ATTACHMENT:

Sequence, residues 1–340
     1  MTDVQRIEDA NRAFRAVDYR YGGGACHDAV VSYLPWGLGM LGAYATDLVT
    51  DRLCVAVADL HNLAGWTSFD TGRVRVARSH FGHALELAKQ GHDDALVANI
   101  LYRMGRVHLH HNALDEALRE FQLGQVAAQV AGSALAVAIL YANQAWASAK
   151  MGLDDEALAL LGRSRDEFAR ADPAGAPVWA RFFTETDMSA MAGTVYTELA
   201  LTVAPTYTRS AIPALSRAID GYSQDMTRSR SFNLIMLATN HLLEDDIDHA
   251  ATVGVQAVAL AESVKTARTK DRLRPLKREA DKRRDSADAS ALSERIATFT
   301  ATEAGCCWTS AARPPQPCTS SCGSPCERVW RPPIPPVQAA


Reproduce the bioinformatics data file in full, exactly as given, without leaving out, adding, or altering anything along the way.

Sequence, residues 1–340
     1  MTDVQRIEDA NRAFRAVDYR YGGGACHDAV VSYLPWGLGM LGAYATDLVT
    51  DRLCVAVADL HNLAGWTSFD TGRVRVARSH FGHALELAKQ GHDDALVANI
   101  LYRMGRVHLH HNALDEALRE FQLGQVAAQV AGSALAVAIL YANQAWASAK
   151  MGLDDEALAL LGRSRDEFAR ADPAGAPVWA RFFTETDMSA MAGTVYTELA
   201  LTVAPTYTRS AIPALSRAID GYSQDMTRSR SFNLIMLATN HLLEDDIDHA
   251  ATVGVQAVAL AESVKTARTK DRLRPLKREA DKRRDSADAS ALSERIATFT
   301  ATEAGCCWTS AARPPQPCTS SCGSPCERVW RPPIPPVQAA